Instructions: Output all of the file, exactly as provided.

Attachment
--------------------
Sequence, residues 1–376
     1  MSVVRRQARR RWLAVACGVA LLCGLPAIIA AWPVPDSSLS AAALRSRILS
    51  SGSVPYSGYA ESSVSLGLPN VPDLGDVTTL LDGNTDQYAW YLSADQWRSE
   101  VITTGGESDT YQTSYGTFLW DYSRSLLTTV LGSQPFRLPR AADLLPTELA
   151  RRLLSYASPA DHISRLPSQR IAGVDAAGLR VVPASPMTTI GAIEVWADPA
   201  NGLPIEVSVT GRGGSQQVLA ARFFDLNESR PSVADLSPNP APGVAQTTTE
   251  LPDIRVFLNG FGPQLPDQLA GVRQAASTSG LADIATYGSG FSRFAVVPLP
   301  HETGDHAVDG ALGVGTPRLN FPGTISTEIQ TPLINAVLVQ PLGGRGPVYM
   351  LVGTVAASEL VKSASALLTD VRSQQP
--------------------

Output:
Sequence, residues 1–376
     1  MSVVRRQARR RWLAVACGVA LLCGLPAIIA AWPVPDSSLS AAALRSRILS
    51  SGSVPYSGYA ESSVSLGLPN VPDLGDVTTL LDGNTDQYAW YLSADQWRSE
   101  VITTGGESDT YQTSYGTFLW DYSRSLLTTV LGSQPFRLPR AADLLPTELA
   151  RRLLSYASPA DHISRLPSQR IAGVDAAGLR VVPASPMTTI GAIEVWADPA
   201  NGLPIEVSVT GRGGSQQVLA ARFFDLNESR PSVADLSPNP APGVAQTTTE
   251  LPDIRVFLNG FGPQLPDQLA GVRQAASTSG LADIATYGSG FSRFAVVPLP
   301  HETGDHAVDG ALGVGTPRLN FPGTISTEIQ TPLINAVLVQ PLGGRGPVYM
   351  LVGTVAASEL VKSASALLTD VRSQQP